GEORGETOWN – More than five days after halting it for critical maintenance, the Demerara Harbour Bridge was unable to restart its scheduled retraction yesterday to allow vessels to transit.
The retractions have been delayed further until Thursday morning, as repairs and testing continue on a faulty hydraulic winch. The winch is one of four large ones that are critical to the retractions.
In all of the almost 40 years of the bridge’s life, it has never really encountered a problem like this.
The emphasis now, according to the bridge’s management, will be to allow as many vessels to pass through the bridge tomorrow morning at 03:30h and at another opening later in the day at 14:30h.
It will take a lot of work. The two openings will continue on Friday to reduce the backlog of vessels waiting to transit, General Manager of the Demerara Harbour Bridge Corporation, Rawlston Adams, said yesterday. But that all depends on the successful repairs to the hydraulic winch.
Currently, several ships of oil for the terminals and other supplies for the bauxite industry are waiting for the retraction to restart.
Worried representatives of SOL, Rubis, the Guyana Oil Company, and Bosai Bauxite, as well as several other companies affected, were at the emergency meeting yesterday at the Peter’s Hall, East Bank Demerara office of the Harbour Bridge Corporation.
Briefing them on the situation, Adams said that the problems started after workers of the bridge over the weekend attempted to reconnect the winches on a new pontoon which was fixed on the retractor span area. The pontoon was the second to be installed since June as part of some critical works being carried on the structure.
On Sunday, while tests were being carried out, engineers found that one of the four main winches which retract the span that creates the opening that vessels have to transit through, was not working. It was removed Monday and taken to Infab, a repair shop on the East Coast Demerara.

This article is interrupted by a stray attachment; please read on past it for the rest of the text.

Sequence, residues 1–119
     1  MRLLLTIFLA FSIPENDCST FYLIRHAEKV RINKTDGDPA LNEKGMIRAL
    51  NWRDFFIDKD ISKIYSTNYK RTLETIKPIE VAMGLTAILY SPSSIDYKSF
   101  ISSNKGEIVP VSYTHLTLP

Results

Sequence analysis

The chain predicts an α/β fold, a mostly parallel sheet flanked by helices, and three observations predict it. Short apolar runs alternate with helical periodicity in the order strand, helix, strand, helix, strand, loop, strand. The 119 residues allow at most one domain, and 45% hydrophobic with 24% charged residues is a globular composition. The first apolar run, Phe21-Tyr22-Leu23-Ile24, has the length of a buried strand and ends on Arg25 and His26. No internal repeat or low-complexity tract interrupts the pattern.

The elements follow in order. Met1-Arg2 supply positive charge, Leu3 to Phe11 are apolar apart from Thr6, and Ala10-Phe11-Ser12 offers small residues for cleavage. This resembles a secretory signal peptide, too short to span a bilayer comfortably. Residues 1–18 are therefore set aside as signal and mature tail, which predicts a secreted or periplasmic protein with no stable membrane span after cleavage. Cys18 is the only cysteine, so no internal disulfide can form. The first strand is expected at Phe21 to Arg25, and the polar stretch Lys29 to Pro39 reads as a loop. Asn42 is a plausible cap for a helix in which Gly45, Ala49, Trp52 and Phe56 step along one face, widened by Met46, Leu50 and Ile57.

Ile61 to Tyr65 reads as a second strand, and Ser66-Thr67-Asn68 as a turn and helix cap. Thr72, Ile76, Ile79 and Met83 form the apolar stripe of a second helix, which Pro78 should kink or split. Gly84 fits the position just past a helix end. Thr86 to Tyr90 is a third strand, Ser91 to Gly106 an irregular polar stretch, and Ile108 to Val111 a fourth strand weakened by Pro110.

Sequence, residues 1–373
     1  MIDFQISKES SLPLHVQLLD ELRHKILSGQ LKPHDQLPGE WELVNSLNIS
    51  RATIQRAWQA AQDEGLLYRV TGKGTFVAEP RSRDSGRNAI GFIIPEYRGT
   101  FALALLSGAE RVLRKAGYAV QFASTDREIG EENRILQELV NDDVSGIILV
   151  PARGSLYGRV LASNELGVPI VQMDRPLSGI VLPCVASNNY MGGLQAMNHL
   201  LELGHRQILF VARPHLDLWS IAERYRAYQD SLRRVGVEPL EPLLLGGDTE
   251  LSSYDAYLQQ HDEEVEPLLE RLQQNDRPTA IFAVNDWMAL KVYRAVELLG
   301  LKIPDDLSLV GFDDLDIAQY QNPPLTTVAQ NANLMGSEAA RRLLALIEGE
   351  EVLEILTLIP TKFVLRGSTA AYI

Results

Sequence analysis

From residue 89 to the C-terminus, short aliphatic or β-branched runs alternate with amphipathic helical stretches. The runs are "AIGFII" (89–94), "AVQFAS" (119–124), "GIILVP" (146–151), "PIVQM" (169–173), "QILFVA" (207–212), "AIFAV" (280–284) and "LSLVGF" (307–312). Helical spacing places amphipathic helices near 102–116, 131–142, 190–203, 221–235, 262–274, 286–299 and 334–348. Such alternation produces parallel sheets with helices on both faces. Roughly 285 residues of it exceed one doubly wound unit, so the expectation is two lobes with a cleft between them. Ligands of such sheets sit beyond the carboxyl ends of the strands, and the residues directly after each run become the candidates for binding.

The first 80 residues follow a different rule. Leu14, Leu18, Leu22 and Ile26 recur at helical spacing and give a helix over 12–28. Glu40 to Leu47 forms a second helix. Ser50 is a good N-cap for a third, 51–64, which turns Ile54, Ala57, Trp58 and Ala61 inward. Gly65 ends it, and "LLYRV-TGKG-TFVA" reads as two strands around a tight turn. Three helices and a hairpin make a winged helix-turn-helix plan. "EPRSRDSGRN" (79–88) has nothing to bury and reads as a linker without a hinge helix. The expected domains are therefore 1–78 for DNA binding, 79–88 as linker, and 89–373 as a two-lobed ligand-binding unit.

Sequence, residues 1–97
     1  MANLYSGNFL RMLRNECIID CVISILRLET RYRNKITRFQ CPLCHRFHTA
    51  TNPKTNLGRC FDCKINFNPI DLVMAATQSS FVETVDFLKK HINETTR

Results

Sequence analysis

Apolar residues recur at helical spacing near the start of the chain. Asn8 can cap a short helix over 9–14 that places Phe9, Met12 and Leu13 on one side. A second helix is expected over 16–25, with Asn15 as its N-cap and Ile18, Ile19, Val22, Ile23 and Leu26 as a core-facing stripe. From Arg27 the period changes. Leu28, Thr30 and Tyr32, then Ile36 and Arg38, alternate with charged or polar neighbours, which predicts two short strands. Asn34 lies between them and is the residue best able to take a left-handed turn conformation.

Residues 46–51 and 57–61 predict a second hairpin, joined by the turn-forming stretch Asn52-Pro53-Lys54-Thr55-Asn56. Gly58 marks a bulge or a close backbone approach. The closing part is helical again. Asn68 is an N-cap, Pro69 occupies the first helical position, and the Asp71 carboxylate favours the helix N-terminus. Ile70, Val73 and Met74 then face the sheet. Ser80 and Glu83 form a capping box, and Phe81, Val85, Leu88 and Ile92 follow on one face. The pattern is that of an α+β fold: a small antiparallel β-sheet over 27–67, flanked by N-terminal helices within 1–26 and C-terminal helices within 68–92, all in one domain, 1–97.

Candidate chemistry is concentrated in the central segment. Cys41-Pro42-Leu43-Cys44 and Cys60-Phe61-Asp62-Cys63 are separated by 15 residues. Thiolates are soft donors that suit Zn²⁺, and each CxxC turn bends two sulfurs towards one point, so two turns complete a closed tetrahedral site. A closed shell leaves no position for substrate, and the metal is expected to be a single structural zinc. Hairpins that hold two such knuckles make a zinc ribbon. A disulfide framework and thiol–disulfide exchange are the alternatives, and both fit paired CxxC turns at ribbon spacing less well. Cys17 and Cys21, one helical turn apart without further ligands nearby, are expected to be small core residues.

Engineers and bridge officials worked into the night and discovered that a suspected fault on the gear box was non-existent. Rather, the problem was with the shaft. The parts were worn and were not holding the required pressure.
As of yesterday, work was being done to repair or “machine” the affected part.
The situation will force the bridge’s management to rethink its maintenance strategies, which may include more stocking of parts and more checks, including on those winches.
According to Adams, scheduling maintenance is not straightforward and includes coordination on tide times, with considerations of the least impact on commuters and river traffic.
In the case of the winches, while three of the four could have worked, it could have resulted in the retractor span being left open, an unthinkable situation.
Meanwhile, GuyOil said it has fuel to last until Friday, while Rubis and Sol are expecting supplies over the weekend. Bosai has a vessel that comes once monthly anchored, waiting to transit to Linden.
The bridge is almost 40 years and has to handle the almost 10,000 vehicles that cross daily.
With a new bridge planned between Houston and Versailles, a few miles away, Guyana is praying that the Demerara Harbour Bridge stands up for the next three or four years, at least.